4 Works

Data from: What makes a multimodal signal attractive? A preference function approach

Kelly L. Ronald, Ruiyu Zeng, David J. White, Esteban Fernández-Juricic & Jeffrey R. Lucas
Courtship signals are often complex and include components within and across sensory modalities. Unfortunately, the evidence for how multimodal signals affect female preference functions is still rather limited. This is an important scientific gap because preference function shape can indicate which male traits are under the strongest selection. We modelled how preference function shape can be altered under 4 scenarios of varying signal content, including both redundant and non-redundant signals. The model was tested with...

Data from: Rapid evolution rescues hosts from competition and disease but—despite a dilution effect—increases the density of infected hosts

Alexander T. Strauss, Jessica L. Hite, Marta S. Shocket, Carla E. Cáceres, Meghan A. Duffy & Spencer R. Hall
Virulent parasites can depress the densities of their hosts. Taxa that reduce disease via dilution effects might alleviate this burden. However, ‘diluter’ taxa can also depress host densities through competition for shared resources. The combination of disease and interspecific competition could even drive hosts extinct. Then again, genetically variable host populations can evolve in response to both competitors and parasites. Can rapid evolution rescue host density from the harm caused by these ecological enemies? How...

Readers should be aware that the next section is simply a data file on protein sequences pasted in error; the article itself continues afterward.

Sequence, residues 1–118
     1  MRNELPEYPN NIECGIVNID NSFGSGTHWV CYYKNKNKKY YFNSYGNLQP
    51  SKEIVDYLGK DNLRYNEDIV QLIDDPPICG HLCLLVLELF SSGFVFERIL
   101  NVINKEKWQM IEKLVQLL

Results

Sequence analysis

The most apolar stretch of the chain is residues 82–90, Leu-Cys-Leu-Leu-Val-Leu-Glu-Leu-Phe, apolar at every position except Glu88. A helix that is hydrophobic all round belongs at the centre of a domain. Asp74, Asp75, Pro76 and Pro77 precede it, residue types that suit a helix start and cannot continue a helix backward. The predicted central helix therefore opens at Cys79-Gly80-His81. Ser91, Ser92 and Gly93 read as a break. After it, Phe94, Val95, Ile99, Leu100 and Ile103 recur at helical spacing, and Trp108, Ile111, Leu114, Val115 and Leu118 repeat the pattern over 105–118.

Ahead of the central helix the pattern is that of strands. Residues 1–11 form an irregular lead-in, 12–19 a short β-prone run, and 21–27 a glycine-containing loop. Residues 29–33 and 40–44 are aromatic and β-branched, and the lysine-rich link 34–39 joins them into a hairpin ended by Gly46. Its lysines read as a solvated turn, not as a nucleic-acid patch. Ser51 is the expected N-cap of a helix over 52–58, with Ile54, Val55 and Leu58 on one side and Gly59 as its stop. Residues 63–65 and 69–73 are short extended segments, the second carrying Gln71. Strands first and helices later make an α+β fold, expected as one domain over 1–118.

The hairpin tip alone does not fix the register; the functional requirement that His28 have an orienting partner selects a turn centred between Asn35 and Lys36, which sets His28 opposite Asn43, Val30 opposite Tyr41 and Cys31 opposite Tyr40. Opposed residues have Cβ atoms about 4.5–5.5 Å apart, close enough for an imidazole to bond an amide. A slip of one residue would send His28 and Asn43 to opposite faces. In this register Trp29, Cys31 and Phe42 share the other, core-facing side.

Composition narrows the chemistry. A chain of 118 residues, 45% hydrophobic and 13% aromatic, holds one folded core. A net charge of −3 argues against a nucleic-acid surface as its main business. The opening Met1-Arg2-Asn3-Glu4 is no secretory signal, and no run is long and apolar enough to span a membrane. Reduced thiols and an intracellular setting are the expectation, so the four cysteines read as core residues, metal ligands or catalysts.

Data from: Habitat heterogeneity, host population structure and parasite local adaptation

Curtis M. Lively
Reciprocal-transplant experiments have proven to be a powerful tool for detecting local adaptation (LA). More recently, reciprocal cross-inoculation experiments have been used to evaluate adaptation by parasites to their local host populations. These experiments are conceptually similar to reciprocal-transplant experiments, except that the "environment" (the host population) may have evolved in response to changes in the parasite population. Here, I use analytical tools and computer simulations to determine when parasites would be expected to be...

Data from: Gene-tree reconciliation with MUL-trees to resolve polyploidy events

Gregg W.C. Thomas, S. Hussain Ather & Matthew W. Hahn
Polyploidy can have a huge impact on the evolution of species, and it is a common occurrence, especially in plants. The two types of polyploids - autopolyploids and allopolyploids - differ in the level of divergence between the genes that are brought together in the new polyploid lineage. Because allopolyploids are formed via hybridization, the homoeologous copies of genes within them are at least as divergent as orthologs in the parental species that came together...

Registration Year

  • 2017

Resource Types

  • Dataset


  • Indiana University
  • Stanford University
  • Wilfrid Laurier University
  • University of Michigan-Ann Arbor
  • University of Minnesota
  • Purdue University
  • Indiana University Bloomington
  • University of Nebraska - Lincoln